Nostalgia City Mysteries

Mark S. Bacon

Finding inspiration from spies


Every writer is influenced, perhaps inspired, by what he or she has read growing up.  Guest writer, M.A. Richards, author of the new espionage novel, Choice of Enemies, traces his interest in the genre back to some classic tales.

The first spy I novel I remember reading was The Counterfeit Traitor by Alexander Klein. I snuck it from my father’s bookcase when I should have been doing my homework. Years later, I watched the film version of the novel with William Holden and Lilli Palmer. First tastes are so important, especially when they are forbidden (yeah, I remember the book but not my homework assignment); they are sweet with deceit and skullduggery. Their memories linger, sometimes so deeply buried you don’t realize how fulsomely they’ve influenced you. 


Nathan Monsarrat is a retired CIA deep cover operative, faced with a dangerous dilemma that will drag him back into Africa in a story of greed and betrayal. This is the first in M.A. Richards’ spy thriller series.

My debut espionage novel, Choice of Enemies, drew on influences of The Counterfeit Traitor in at least two ways: (1) a steady supply of Nigeria’s light sweet crude is the holy grail within the novel, and (2) the most enigmatic character in the novel is Mark Palmer.

Regarding the first point: William Holden played Eric “Red” Erickson, an oil executive who pretended to be a Nazi sympathizer while secretly spying for the OSS on German progress in producing synthetic oil during World War II. In Choice of Enemies, Nathan Monsarrat is a CIA deep cover operative working the oil portfolio in West Africa – to secure Nigeria’s light sweet crude for America’s homes.

Regarding the second point: Is Mark Palmer a good guy? A bad guy? Both? Concurrently? Consecutively? He plays different roles at different times in different locales throughout Choice of Enemies. Since I do not believe in coincidences, the choice of his surname surely harks back to the enigmatic character Lilli Palmer portrays in the movie, Frau Marianne Möllendorf.

Klein’s novel, although influential, was a stand alone. Ian Fleming’s James Bond novels were seminal influences, because they introduced not only a towering good guy defeating epic bad guys time after time, but because the books were intertwined in a series. They opened the possibilities of the development of the hero not only within a specific novel, but over a period of time in multiple situations, facing multiple challenges.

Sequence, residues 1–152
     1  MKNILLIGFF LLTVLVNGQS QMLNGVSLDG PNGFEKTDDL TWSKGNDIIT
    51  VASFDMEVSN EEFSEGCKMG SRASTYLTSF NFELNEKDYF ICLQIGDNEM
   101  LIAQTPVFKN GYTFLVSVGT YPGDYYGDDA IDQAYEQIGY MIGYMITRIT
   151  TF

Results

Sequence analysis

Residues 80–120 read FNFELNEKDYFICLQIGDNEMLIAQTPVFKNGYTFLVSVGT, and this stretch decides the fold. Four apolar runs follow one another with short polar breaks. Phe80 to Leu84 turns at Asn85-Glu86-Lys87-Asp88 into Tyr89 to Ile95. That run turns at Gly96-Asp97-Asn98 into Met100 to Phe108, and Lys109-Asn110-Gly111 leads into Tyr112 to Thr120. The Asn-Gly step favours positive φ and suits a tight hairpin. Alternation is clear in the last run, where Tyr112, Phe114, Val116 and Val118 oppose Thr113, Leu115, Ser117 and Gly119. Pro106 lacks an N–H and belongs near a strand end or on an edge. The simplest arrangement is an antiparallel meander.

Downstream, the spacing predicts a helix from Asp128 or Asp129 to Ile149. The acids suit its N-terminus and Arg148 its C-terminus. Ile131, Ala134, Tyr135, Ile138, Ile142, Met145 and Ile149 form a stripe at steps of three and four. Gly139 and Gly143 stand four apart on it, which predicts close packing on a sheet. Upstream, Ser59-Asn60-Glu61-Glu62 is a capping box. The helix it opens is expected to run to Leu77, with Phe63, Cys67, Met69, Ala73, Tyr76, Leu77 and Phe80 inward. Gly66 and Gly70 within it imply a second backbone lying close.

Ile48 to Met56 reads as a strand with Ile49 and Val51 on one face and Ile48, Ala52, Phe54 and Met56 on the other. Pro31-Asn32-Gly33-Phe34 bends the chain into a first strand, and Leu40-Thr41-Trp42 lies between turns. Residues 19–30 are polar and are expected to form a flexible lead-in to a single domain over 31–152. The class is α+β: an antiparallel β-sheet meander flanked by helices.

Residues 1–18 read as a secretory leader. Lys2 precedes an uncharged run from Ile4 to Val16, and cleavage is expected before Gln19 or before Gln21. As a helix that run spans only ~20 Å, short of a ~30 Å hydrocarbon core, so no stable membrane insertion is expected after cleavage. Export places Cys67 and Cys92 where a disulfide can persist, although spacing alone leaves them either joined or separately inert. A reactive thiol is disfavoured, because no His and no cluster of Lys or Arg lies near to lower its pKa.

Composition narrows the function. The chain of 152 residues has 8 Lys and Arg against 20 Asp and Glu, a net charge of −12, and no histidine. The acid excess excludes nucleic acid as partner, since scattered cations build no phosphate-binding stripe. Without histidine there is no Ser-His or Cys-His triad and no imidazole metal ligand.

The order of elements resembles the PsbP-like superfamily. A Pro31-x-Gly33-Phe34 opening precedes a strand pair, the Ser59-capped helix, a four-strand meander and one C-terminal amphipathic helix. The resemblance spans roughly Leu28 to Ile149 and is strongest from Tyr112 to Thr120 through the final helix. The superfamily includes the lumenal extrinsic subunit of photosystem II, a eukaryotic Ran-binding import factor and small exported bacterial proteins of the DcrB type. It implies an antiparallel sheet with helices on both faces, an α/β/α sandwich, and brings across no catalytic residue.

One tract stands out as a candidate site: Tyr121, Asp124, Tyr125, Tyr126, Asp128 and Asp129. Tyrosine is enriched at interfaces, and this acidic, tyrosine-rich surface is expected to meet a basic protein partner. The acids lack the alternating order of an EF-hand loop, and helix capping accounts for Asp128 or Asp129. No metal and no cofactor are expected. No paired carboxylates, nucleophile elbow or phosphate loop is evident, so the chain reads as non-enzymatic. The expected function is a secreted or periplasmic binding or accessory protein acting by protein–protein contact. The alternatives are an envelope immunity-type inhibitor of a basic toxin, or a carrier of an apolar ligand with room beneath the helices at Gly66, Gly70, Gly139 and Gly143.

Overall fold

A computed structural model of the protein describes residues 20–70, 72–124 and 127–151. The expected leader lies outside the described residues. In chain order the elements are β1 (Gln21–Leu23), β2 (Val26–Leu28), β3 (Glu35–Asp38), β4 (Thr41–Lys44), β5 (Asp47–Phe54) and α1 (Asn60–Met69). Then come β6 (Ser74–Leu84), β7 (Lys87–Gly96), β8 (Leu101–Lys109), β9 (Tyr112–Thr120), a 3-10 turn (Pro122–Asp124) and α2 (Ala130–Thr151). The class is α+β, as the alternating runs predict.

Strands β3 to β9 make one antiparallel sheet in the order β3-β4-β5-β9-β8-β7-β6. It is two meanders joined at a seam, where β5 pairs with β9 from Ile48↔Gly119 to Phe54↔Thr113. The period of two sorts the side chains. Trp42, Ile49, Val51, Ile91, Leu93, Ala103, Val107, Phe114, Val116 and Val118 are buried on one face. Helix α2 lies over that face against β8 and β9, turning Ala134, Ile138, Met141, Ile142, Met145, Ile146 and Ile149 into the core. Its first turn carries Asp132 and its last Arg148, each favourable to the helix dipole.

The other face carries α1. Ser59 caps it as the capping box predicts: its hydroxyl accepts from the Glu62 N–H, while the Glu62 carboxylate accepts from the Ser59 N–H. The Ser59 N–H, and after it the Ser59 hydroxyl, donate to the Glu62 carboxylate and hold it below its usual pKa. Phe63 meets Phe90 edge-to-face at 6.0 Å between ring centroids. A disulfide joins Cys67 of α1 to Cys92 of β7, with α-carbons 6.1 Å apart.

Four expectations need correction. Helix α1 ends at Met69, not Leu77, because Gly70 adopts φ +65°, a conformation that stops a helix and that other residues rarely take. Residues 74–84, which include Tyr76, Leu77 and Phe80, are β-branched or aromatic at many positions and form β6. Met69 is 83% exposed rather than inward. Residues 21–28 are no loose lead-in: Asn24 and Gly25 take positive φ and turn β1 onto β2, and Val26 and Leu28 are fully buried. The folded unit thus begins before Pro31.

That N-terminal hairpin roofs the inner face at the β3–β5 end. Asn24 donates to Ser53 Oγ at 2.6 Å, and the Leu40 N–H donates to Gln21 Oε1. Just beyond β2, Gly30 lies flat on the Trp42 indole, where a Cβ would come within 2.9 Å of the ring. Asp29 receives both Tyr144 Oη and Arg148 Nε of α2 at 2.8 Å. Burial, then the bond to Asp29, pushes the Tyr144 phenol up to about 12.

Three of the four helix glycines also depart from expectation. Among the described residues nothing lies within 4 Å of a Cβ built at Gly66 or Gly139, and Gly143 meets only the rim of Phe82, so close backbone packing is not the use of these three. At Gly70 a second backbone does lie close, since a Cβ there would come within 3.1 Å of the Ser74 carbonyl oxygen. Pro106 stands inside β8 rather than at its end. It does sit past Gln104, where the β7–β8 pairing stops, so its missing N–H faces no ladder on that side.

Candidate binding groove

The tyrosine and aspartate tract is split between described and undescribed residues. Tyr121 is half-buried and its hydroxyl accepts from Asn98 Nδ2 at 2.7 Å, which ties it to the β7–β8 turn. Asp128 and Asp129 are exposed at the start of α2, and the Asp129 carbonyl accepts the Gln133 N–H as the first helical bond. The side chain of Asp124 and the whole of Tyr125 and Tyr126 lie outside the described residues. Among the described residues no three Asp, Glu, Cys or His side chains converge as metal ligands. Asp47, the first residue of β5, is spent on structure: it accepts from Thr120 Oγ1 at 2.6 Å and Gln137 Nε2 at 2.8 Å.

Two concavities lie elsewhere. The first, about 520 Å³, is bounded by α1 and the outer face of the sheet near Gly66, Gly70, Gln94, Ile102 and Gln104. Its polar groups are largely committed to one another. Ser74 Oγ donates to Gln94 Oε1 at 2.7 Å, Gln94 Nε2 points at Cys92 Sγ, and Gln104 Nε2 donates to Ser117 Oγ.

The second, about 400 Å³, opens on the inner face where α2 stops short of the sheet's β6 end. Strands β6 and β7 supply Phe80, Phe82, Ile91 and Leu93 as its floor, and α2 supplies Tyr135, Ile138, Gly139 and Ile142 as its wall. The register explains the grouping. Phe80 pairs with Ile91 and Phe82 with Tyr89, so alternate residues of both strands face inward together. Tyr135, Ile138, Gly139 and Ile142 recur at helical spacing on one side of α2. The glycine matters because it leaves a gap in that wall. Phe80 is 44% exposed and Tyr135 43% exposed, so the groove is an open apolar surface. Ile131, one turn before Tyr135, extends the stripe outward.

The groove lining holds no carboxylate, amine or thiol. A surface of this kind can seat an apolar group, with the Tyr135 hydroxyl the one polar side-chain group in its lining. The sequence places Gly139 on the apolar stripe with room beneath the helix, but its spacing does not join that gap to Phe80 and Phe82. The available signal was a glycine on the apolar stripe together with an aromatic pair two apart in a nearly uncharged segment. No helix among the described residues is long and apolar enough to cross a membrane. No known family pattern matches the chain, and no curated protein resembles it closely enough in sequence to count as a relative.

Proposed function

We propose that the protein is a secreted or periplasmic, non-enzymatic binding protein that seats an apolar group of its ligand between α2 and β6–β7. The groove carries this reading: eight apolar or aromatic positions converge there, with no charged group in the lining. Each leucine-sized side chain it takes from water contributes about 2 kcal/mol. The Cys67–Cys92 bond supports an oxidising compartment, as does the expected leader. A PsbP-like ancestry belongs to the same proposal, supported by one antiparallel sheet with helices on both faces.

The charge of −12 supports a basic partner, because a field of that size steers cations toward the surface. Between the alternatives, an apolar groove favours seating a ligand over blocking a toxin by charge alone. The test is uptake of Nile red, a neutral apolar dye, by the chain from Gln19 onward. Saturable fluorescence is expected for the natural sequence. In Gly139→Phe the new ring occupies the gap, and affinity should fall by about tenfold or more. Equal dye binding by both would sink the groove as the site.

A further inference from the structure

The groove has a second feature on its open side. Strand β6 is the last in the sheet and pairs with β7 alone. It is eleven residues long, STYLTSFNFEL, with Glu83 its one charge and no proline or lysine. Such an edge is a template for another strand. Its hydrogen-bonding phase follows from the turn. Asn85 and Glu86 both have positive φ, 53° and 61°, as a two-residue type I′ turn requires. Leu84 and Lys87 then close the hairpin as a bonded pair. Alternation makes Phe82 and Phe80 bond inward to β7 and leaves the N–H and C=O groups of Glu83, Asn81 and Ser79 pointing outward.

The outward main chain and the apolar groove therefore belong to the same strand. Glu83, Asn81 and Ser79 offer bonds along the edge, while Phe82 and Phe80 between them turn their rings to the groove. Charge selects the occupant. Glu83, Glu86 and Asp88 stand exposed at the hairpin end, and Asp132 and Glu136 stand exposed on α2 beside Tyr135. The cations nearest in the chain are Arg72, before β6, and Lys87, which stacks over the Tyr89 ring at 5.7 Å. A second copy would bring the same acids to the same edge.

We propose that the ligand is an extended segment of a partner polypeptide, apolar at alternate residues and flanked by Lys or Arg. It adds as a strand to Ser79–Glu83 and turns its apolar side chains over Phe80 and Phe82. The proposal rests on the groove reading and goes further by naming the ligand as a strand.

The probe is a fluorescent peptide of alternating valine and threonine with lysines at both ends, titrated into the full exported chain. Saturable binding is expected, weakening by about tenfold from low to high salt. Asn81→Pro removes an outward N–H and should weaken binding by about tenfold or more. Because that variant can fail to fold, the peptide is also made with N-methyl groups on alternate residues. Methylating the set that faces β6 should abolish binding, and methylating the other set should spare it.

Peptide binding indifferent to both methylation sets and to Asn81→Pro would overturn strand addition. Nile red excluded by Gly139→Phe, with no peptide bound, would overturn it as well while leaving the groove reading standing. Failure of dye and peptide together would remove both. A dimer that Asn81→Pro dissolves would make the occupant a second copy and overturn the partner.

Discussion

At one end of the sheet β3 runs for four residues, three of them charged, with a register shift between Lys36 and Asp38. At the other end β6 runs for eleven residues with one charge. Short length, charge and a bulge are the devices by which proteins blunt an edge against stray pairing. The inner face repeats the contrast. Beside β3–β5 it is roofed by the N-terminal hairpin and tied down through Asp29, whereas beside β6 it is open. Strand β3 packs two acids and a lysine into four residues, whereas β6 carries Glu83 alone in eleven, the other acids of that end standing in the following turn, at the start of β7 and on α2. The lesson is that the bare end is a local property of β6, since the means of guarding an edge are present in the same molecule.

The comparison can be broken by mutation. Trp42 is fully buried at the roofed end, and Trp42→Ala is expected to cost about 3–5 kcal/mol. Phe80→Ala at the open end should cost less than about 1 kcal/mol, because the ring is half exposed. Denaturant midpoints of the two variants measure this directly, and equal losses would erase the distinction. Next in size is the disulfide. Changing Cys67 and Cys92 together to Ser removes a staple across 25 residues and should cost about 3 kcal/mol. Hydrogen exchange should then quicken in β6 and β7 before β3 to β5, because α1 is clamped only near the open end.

Perhaps the most impressive aspect of Fleming’s writing is his ability to pin a reader’s interest with a line or two of dialogue. For example, in Goldfinger, Fleming wrote the following interchange:

James Bond: Do you expect me to talk?

Auric Goldfinger: No, Mr. Bond, I expect you to die!

Foureen words total, far fewer than the allowed 140 Twitter characters.  Far more memorable than any words I’ve ever read on Twitter. What is it, then, that makes Fleming’s dialogue so memorable? Why is this simple interchange between the hero and the villain in a book originally published in 1959 remembered so well today?

The reason lies not only in the snappy repartee between Bond, the hero, and Goldfinger, the villain, but in the depth, the fullness, of the two characters. It’s the characters who make the dialogue come alive, not vice-versa. The interchange would have been stock, if Bond and Goldfinger had not been so fully drawn. So…how does a writer create fulsome characters like James Bond and Auric Goldfinger?

In his introduction of Goldfinger, Fleming describes a physically unattractive villain with the usual mixture of modifiers, but it is the author’s one simple sentence that brings Goldfinger to life: “It was as if Goldfinger had been put together with bits of other people’s bodies.”  The visual description lays the foundation of a fully-drawn villain, so when he utters the evil statement, No, Mr. Bond, I expect you to die!, readers understand they are in the presence of a flesh and blood character, someone they would recognize on the street.

M.A. Richards

M.A. Richards

With one descriptive sentence and one memorable utterance, Fleming created a villain whose name has become synonymous with evil. Other authors, including Graham Greene, John LeCarre, and Len Deighton have also created heroes and villains readers are able to love or to despise, because they are flesh and blood. As much as I enjoy a quick read of a Robert Ludlum or an Eric Ambler thriller, the heroes in their books are interchangeable, one novel to the next.

Even villains are capable of an errant act of goodness, albeit unwittingly. Handcuffing Bond to a dirty bomb inside the gold vault of Fort Knox, Goldfinger states one of the most famous – and most enjoyable – lines in spy fiction: “Goodbye, Mr. Bond.” Ian Fleming…no hack writer. Auric Goldfinger…no cardboard character. James Bond…an epic hero.



M.A. Richards is the author of the Nathan Monsarrat international espionage novels.  Born in Lowell, Massachusetts, he received his bachelor of arts degree in theater studies from Connecticut College and his master of arts degree in English from the University of Massachusetts at Amherst. During a career as a Cultural Attaché in the Department of State that spanned more than two decades, he served in Baghdad, Jerusalem, Lagos, Moscow, Seoul, Tel Aviv, and Washington, D.C. He also served at U.S. Pacific Command in Honolulu as the Special Advisor to the Commander. He speaks Arabic, Hebrew, Korean, and Russian. Visit him at

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